Real World Media will charge for the story, the pho­tos or the video you com­mis­sion from our net­work of jour­nal­ists. You will be oblig­ated by con­tract to buy the assigned story, pho­tos or video, regard­less of whether you use it. You will pay more if you decide to alter your orig­i­nal request. Of course, good reporters, pho­tog­ra­phers and video­g­ra­phers think for them­selves and are highly likely to deliver more than you asked for, sim­ply because of the sit­u­a­tion they find on the ground when they are in the process of report­ing or shoot­ing pho­tos or video.

Real World Media will have a multi-layered net­work of highly expe­ri­enced and vet­ted edi­tors to ensure that cus­tomers receive pro­fes­sion­ally edited products.

None of this is carved in stone. In fact, this is just a jump­ing off point.

Please join the dis­cus­sion and add you thoughts on this con­cept. I am work­ing on the web­site and mar­ket­ing mate­ri­als now. I would love to hear what you think, here on the Dis­placed Jour­nal­ists site, on the Real World Media Face­book page, or pri­vately at If you have other net­work­ing ideas, let’s find a way to imple­ment them.


Editor’s note: You are read­ing this on Dis­placed Jour­nal­ists, so you may be won­der­ing why I chose to speak to the cus­tomer rather than directly to you about this idea I’ve been hatch­ing for the past year. The answer is this: You can see your role as you read this. We need to draw atten­tion to the con­cept and get cus­tomers and fund­ing sources inter­ested. All of the infor­ma­tion I’ve come up with thus far is in this piece, except for how we will price sto­ries and how much Real World Media jour­nal­ists will be able to earn. At this point, I don’t know how much you will earn if we do get fund­ing and this becomes a real­ity. How­ever, I am devoted to ensur­ing that jour­nal­ists are paid fairly. You will be part of the process as we begin to deter­mine rates. In no way will this resem­ble a con­tent mill. If any of you can offer your pro­gram­ming, design or mar­ket­ing skills for the cause, I can cer­tainly use them. I have no fund­ing at this point, and, of course, Dis­placed Jour­nal­ists has never been about mak­ing money.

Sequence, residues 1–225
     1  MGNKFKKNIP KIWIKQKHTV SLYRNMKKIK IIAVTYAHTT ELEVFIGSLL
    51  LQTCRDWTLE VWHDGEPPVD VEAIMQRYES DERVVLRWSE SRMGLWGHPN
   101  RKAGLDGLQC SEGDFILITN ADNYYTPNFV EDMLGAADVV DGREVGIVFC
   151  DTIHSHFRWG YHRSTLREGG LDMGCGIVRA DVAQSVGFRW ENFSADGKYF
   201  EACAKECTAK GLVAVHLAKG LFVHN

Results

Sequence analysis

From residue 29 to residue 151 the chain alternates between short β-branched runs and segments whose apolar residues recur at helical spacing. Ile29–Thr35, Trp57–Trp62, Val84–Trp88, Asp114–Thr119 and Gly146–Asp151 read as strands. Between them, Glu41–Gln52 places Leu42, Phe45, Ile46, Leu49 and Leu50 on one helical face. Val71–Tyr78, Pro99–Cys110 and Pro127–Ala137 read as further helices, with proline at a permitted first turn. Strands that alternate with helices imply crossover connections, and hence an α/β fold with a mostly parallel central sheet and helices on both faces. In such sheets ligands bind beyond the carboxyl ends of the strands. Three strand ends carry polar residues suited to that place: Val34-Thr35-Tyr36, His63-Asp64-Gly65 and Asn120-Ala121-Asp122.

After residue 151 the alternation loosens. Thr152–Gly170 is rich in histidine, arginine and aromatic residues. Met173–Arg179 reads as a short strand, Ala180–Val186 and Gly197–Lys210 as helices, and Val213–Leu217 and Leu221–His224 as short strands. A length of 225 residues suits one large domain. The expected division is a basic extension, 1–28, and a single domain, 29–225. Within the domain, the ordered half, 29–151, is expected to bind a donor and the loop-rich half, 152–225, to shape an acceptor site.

– Susan Older


2 Responses to “Real World Media: The Reinvention of Journalism”

  1. Afi Scruggs
    August 20th, 2011 @ 11:43 PM

    Susan, I like this. Let me chew on it and I’ll get back to you.

  2. Susan Older
    September 2nd, 2011 @ 8:53 PM

    Thanks Afi. I wish more dis­placed jour­nal­ists would weigh in on it — so we can begin to dis­cuss some kind of grand plan.